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Which is the right way to allocate memory via new in the C++ constructor. First way in the argument list:

class Boda {
    int *memory;
    public:
        Boda(int length) : memory(new int [length]) {}
        ~Boda() { delete [] memory; }
};

or in the body of constructor:

class Boda {
    int *memory;
    public:
        Boda(int length) {
            memory = new int [length];
        }
        ~Boda() { delete [] memory; }
};

Thanks, Boda Cydo.

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6  
I know this is only example code but as written that class has severe memory management issues (the default copy ctor will allow memory to be deallocated multiple times). use RAII, use smart pointers or containers. with proper RAII you may find you don't need to use delete yourself at all –  jk. Aug 12 '10 at 9:43
8  
@jk: Seconded, I would prefer a std::vector<int>. –  FredOverflow Aug 12 '10 at 9:44
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6 Answers

up vote 3 down vote accepted

I think the simplest way to do this would be to use a boost scoped array and let someone else's well tested library code handle it all for you.

So:

class Boda {
    boost::scoped_array<int> memory;
    public:
        Boda(int length) : memory(new int [length]) {}
       ~Boda() {}
};

Moreover, scoped arrays cannot be copied - so you avoid the nasty copy constructor deallocation issue mentioned in another answer.

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Actually, you should use boost::scoped_array. –  Pedro d'Aquino Aug 12 '10 at 11:39
    
Thanks. Just spotted it was an array alloc. Teach me to read the question properly. –  Alex Wilson Aug 12 '10 at 11:40
1  
delete is a code smell: it should only appear in dedicated resource management classes... and those are often already properly coded in available libraries (STL / Boost for example). –  Matthieu M. Aug 12 '10 at 14:18
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The problem is more general. See C++ FAQ Lite: [10.6] Should my constructors use "initialization lists" or "assignment"?

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+1 for the link to the FAQ. FAQs should always be read or searched first. –  Thomas Matthews Aug 12 '10 at 17:30
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You should use resource management classes that will handle it for you. Else, you run into some serious problems with exception safety, aside from needlessly duplicating existing logic and maintenance of copy/assignment operators.

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I would say both are equivalent in the effect they produce and both are "the right way". I prefer initializer lists but I would go with the second variant just to be able to test for invalid length argument before trying to allocate the memory.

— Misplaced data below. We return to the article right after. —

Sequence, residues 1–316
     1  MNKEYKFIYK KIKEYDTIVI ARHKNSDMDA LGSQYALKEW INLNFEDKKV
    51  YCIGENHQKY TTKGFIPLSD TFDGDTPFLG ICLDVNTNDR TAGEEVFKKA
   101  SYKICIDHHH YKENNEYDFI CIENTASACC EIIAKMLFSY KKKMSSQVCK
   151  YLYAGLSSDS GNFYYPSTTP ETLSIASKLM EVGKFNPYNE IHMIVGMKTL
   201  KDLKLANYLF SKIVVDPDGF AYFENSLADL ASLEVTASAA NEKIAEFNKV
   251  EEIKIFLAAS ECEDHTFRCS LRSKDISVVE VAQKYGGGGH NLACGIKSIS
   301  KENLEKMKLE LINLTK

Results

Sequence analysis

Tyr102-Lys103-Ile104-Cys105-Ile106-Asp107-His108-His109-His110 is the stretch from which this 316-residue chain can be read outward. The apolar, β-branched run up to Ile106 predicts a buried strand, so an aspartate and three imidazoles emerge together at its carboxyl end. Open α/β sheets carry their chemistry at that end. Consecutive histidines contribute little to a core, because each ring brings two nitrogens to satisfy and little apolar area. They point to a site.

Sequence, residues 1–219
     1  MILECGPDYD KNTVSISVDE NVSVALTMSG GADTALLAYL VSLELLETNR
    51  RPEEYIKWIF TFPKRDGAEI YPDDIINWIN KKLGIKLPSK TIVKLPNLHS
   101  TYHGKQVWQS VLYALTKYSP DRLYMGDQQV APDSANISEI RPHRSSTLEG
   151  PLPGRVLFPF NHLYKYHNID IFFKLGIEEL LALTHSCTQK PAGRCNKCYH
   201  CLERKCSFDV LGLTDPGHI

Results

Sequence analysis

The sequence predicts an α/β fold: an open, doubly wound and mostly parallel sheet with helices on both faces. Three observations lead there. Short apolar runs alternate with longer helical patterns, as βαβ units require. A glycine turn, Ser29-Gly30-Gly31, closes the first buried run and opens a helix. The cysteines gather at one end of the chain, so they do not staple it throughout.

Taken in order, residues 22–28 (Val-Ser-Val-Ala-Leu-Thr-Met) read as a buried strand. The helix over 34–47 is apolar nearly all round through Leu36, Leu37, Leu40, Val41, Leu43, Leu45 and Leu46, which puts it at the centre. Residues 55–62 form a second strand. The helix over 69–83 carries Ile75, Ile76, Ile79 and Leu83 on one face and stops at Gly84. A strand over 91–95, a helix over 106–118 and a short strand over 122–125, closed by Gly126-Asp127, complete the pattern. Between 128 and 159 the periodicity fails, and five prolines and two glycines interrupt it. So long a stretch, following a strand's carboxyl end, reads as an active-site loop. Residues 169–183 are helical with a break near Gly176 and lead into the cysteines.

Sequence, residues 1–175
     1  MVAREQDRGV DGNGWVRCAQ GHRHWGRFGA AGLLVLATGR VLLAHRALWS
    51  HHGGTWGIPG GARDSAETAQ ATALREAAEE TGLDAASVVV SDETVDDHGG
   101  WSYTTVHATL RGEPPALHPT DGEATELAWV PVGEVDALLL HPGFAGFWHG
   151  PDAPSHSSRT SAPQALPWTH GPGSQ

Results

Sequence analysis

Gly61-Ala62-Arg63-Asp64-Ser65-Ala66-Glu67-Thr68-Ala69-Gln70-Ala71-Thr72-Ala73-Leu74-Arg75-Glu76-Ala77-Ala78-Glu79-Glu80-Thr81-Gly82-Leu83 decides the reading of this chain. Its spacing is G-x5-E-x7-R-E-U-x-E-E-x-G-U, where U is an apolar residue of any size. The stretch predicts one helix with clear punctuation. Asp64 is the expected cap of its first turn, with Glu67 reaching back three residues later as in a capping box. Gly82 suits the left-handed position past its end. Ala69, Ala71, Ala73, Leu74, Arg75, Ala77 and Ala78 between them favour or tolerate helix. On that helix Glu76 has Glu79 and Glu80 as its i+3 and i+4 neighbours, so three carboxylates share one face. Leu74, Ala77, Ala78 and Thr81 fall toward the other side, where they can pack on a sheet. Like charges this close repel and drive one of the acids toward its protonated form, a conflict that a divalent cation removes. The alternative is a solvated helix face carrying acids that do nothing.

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1  
They are equivalent for simple types, but in general they're not. Using the initialiser list will construct the object from the arguments; using the constructor body will default-construct the object and then reassign it. This might be less efficient, and will only work if the object is default-constructible and assignable. –  Mike Seymour Aug 12 '10 at 17:16
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memory member variable is a pointer, if you allocate it in initialization list and it fails, your class is not initialized and you don't need to free it later (thanks to RAII design pattern which is used by C++ for class initialization). If you allocate its memory inside the constructor's body, similar behavior will happens.

But if you want to handle something, then allocate its memory in the constructor's body. Check something or try/catch it or print some useful messages, but at least, you have to throw another exception, because your class initialization is broken.

I think memory allocation in the constructor's body is more readable than the other one.

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If you want to catch memory allocation errors (which you probably should) then you'll have to make the call to new in the body of the constructor.

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12  
Not true, actually. (And in both cases. If memory allocation fails, this constructor can't do a thing about it and so should not catch the exception. And you can use a function try block to get the whole thing in a try-catch block.) –  GManNickG Aug 12 '10 at 9:43
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